CHENNAI: Australian legend Greg Chappell during his stint as India coach pointed out that however great a player may be, the learning process never stops. He also revealed that a coach can help a player only to a certain extent. The rest of the effort must come from the player.
In other words, he stressed that a player needs to prepare on his own, keeping in mind his strength and weakness. For example, Sachin Tendulkar in 1998, took the help of Laxman Sivaramakrishnan to counter Shane Warne’s threat.
According to WV Raman, South Africa’s poor show in the Test series was due to poor mindset and lack of preparation. Despite spending time in India for the T20Is and ODIs, they failed to get used to the conditions. Their preparation for Test series was so horrible that for all their batsman, be it skipper Hashim Amla, Faf du Plessis and AB de Villiers, spin was a pressing issue.
Former India cricketer Raman says that at the highest level, it is the mindset that helps you perform at your peak level. “When the mindset is not right and when you are not in a positive frame of mind, your game suffers. When you are not confident, the preparation too suffers and one tends to continue to make the same mistakes. Had the South Africans played a lot more positively and lot more confidently, they could have fought better,’’ said Raman, the first Indian to score a ODI ton against South Africa.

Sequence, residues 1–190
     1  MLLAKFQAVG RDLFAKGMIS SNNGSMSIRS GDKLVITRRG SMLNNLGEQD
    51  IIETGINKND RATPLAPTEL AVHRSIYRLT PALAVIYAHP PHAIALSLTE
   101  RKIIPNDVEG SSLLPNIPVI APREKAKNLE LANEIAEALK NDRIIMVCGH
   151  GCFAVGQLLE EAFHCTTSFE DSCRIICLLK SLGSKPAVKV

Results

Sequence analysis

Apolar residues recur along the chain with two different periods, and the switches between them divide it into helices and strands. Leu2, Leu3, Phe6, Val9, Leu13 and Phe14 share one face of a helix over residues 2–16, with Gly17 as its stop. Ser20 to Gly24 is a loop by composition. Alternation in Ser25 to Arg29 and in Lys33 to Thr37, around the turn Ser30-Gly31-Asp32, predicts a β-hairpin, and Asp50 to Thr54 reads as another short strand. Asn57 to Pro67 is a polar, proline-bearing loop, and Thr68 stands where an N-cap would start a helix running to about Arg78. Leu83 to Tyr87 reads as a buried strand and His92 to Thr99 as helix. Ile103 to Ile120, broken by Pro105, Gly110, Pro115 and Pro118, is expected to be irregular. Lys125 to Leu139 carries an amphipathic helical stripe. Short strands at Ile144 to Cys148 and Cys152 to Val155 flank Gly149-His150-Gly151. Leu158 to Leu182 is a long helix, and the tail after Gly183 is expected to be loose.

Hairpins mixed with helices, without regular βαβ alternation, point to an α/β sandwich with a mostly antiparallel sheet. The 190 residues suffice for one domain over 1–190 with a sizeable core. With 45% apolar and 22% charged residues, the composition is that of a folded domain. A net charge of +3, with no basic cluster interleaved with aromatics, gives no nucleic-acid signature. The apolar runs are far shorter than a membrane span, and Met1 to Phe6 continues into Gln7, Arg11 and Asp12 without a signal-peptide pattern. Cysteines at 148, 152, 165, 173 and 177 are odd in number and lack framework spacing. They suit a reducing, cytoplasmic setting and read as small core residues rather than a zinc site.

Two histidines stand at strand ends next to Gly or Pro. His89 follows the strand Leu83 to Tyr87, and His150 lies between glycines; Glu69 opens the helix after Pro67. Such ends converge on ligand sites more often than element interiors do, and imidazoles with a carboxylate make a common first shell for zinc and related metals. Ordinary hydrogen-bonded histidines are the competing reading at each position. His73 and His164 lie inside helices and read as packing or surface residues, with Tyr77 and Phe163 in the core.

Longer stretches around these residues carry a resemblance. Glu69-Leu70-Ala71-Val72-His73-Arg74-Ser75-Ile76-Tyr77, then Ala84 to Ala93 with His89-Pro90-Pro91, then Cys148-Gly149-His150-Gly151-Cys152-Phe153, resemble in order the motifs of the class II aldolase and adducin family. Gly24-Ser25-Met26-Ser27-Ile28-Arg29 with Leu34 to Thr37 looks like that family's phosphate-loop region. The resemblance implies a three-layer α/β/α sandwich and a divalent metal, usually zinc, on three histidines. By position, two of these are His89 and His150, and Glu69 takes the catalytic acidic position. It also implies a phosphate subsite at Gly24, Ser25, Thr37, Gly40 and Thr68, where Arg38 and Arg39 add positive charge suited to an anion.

The flak on pitches is sometimes unwarranted. “When you play in a foreign country you cannot control or change the conditions. The only way is to adapt and South Africans failed to do it. When you lack confidence, your preparation too suffers,’’ explained the former Indian opener.
Some former cricketers have suggested that the South Africa batsman need to step out and counter Indian spinners. “I am not too sure whether that will be productive. When you are low in confidence, it will not be the right strategy to step out and play. By stepping out you will be giving room for the Indian spinners to attack further. The best way is to play to the merit of the ball, with loads of patience,’’ opined Raman.